Experts sometimes organize information differently from novices. Experts also sometimes organize information in multiple ways. An example given and revisited throughout the chapter is an Anatomy and Physiology professor who thinks about systems of the body both in terms of location and function. The professor is frustrated that students seem to only think about the systems in terms of location. The chapter closes with some ideas to help teachers to help students learn to organize information in a field like experts organize the information. As before some tips are probably done by almost all veteran teachers. I noticed a couple things I could do to maybe improve lessons.
This leads me to the following new goals (in green) to add to my list for prepping next semester. I also should organize these into once-a-semester, daily, and for-specific-topics sections for use next semester.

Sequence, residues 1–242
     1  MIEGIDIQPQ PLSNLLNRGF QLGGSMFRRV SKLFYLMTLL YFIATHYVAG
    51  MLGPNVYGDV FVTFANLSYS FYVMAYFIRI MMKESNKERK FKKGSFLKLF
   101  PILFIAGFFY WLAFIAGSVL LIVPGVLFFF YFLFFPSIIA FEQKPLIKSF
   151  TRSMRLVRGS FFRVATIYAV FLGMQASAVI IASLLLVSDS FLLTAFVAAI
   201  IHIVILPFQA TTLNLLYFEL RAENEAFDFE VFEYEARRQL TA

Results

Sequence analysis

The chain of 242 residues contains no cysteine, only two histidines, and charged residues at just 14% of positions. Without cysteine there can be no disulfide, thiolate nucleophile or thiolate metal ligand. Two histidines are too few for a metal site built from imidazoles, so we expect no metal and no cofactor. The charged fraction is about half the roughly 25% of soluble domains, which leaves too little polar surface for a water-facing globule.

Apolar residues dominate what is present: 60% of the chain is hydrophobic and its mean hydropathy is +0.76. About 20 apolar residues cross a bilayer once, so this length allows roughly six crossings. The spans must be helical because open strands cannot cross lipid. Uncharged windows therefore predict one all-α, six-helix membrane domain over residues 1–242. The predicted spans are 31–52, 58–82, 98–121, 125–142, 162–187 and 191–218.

- Write a concept map of my own thinking to see how an expert organizes the information and select tasks that help convey that organization.
- Explicitly overview the lesson plan for a section so that students can see how each part fits in
- Math 081 and Math 131: On the second day give a pre-assessment of required skills and start remediation immediately.
- Math 081: Use brainstorming more often to see what students know about a topic in the course the first time it is introduced. (The Math 081 curriculum is a lot like a “spiral” where key topics like proportion are revisited several times.)
- Math 081 and Math 131: Explicitly list the pre-requisite topics daily instead of less frequently
- Math 131: Introduce several “Rules of Thumb” in the finance chapter so students will know when they are dealing with loans, when annuities, when saving for retirement . . .